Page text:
Building Blocks: The twin buildings of the Belgium Embassy marry Indian and Belgian sensibilities

The two buildings of the Embassy are done in exposed brick and emerge from the earth in anthill-like forms. While arches provide a ceremonial yet muted entrance to the Residency, it’s the Grand Lounge that overwhelms visitors.

Written by Shiny Varghese | Updated: August 12, 2018 5:30:11 am
Satish Gujral, Belgium Embassy Rooted in nature: Satish Gujral’s sketch of the Belgium Embassy.

Even as Belgian fans cheered their way to a third-place victory over England (and some Hoegaarden) in the FIFA World Cup recently, it seemed like an ideal time to examine how artist Satish Gujral scored a perfect goal with the architecture of the Belgium Embassy in Delhi. Not a trained architect, the well-known artist built the complex with a Chancery, the Residency, staff quarters and a bountiful wrap-around garden in 1983.

The two buildings of the Embassy are done in exposed brick and emerge from the earth in anthill-like forms. While arches provide a ceremonial yet muted entrance to the Residency, it’s the Grand Lounge with its Italian marble flooring and dramatic staircase that overwhelms visitors. However, Gujral manages scale in a way that isn’t intimidating. The skylight in the central landing, afforded by a cupola, ensures there’s ample light and depth inside. There are arches everywhere and windows too, which open out on to the undulating landscaped garden.

Gujral recalls the inauguration of the Embassy. “The Belgian king’s brother had come, and he said, ‘When I saw the building from the outside, I felt like I was in India, and when I walked in, I felt like I was in Belgium.’” Raka Singh, wife of the Belgian ambassador, Jan Luykx, says, “Light is something that Belgians crave and this house is full of it. Mr Gujral took care of the orientation to ensure we have adequate privacy and ample views of the garden.” The private family areas are scaled down and Singh says that despite the Residency having guests from 20 to 150 on certain days, her privacy isn’t compromised.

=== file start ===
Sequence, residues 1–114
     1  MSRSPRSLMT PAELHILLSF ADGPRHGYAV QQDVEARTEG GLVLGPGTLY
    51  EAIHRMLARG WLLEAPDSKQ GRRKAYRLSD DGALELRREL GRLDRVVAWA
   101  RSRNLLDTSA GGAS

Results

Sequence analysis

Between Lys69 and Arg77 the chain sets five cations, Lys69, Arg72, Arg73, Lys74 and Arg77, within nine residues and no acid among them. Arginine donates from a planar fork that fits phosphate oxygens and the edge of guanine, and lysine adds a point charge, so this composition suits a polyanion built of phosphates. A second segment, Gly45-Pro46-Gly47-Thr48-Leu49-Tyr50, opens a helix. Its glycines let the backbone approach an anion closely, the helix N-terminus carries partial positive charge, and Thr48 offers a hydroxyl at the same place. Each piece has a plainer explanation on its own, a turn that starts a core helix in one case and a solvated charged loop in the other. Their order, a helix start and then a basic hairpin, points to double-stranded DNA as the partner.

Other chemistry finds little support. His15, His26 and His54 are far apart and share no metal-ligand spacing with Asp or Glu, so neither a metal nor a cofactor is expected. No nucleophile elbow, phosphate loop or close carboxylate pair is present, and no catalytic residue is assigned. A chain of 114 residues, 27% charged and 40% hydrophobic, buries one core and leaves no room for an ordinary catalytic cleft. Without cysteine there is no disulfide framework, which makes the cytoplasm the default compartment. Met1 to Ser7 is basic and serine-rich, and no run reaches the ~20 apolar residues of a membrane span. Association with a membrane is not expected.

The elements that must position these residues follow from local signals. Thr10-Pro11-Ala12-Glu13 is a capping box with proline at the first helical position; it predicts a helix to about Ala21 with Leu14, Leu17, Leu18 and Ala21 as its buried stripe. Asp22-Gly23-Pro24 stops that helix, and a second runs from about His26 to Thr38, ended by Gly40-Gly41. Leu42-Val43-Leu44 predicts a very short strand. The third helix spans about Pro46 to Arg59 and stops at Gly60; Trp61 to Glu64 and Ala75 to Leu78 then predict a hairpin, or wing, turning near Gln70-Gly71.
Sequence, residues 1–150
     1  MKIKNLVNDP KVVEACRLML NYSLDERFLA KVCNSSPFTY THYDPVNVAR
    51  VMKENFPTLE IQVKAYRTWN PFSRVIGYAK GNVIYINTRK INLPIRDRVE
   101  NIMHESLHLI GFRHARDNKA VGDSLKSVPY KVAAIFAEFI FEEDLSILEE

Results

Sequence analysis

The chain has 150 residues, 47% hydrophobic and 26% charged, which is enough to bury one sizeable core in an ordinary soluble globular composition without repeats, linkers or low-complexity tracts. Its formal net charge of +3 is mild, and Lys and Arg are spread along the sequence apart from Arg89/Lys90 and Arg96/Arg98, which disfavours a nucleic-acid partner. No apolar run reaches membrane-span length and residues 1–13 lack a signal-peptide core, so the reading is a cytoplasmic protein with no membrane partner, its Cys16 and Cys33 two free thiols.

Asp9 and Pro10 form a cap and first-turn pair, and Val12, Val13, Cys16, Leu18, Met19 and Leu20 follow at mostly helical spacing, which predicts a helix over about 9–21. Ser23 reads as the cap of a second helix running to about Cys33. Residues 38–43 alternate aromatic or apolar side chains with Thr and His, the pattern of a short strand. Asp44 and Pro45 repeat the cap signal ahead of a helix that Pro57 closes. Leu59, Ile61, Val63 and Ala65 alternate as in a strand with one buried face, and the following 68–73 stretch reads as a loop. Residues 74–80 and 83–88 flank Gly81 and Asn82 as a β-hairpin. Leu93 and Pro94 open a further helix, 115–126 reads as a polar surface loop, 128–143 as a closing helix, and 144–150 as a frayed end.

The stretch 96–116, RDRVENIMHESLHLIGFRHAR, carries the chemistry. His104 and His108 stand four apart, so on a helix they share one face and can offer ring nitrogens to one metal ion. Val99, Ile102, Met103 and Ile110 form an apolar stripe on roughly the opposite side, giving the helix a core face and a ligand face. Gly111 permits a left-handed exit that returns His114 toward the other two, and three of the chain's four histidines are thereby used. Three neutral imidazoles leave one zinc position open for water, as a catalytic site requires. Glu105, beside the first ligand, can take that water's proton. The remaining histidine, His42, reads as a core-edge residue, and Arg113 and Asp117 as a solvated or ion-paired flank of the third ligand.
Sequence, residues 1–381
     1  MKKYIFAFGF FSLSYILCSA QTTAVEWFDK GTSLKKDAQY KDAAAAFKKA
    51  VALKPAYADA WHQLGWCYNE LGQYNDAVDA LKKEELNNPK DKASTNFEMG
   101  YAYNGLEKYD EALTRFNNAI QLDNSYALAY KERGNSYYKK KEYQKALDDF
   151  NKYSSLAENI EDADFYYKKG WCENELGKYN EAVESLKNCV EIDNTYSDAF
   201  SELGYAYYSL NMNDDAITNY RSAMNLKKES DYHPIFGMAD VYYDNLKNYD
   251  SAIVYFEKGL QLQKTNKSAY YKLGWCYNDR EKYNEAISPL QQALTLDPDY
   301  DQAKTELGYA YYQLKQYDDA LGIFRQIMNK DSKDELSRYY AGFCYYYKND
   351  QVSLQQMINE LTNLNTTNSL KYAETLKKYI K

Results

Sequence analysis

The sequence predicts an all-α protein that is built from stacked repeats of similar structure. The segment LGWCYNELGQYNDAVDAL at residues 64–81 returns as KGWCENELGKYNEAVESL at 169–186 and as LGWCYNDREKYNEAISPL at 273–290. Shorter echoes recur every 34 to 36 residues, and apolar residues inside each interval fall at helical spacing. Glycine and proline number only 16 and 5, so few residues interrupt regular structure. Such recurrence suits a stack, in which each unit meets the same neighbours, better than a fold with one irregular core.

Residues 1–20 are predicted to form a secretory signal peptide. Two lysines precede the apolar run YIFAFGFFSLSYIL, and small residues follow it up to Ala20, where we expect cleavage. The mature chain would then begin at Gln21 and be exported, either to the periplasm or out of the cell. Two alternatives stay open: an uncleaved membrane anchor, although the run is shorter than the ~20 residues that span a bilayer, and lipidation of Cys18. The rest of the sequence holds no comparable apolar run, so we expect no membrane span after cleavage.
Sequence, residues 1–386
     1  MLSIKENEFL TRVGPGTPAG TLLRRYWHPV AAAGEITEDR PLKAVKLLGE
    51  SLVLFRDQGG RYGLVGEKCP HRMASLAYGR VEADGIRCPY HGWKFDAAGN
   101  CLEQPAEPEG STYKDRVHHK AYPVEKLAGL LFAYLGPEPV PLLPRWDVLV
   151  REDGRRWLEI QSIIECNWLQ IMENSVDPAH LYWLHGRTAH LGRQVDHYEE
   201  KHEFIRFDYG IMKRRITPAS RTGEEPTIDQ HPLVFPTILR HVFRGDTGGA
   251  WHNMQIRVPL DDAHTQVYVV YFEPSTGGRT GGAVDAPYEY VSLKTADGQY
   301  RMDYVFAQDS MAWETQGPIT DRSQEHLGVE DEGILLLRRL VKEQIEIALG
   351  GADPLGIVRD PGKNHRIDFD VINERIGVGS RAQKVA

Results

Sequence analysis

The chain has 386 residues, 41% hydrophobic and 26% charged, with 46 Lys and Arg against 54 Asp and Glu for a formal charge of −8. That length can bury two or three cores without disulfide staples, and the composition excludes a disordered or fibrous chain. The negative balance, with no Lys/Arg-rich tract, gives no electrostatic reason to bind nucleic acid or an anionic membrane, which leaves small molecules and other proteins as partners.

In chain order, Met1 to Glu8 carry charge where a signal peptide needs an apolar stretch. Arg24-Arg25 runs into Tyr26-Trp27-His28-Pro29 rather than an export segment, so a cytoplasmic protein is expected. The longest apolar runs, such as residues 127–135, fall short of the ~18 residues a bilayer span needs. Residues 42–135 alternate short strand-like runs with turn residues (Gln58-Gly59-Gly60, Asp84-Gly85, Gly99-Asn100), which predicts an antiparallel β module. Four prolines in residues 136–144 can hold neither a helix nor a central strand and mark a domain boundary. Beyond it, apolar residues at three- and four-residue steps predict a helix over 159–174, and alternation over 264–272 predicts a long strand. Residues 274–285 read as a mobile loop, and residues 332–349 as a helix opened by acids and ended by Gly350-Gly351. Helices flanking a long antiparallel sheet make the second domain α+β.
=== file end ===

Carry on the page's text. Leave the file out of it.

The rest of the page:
Sited on a five-acre triangular plot in Chanakyapuri, Gujral located the Residency at the rear end, raising the level of the landscape around it such that it sits in the bowl of the garden that slopes outwards. Ambassador Luykx says, “This building is a sculpture, a piece of art, but it works very well. The Chancery across the garden is a contrast with its formal spaces”. However, there too, one notices the scale which allows the space to be inviting, transparent and friendly.

“Artists are not thinkers, they are feelers,” says Gujral. “Every artist tries to be different, and I wanted to do something that hasn’t been done before. The Belgian embassy was built around the same time as the French and Finnish embassies. Many critics said that my design doesn’t look like an embassy building but creativity was my only guide,” says the 92-year-old. The building has been included in the forthcoming 21st edition of Sir Banister Fletcher’s Global History of Architecture, a classic reference on world architecture.

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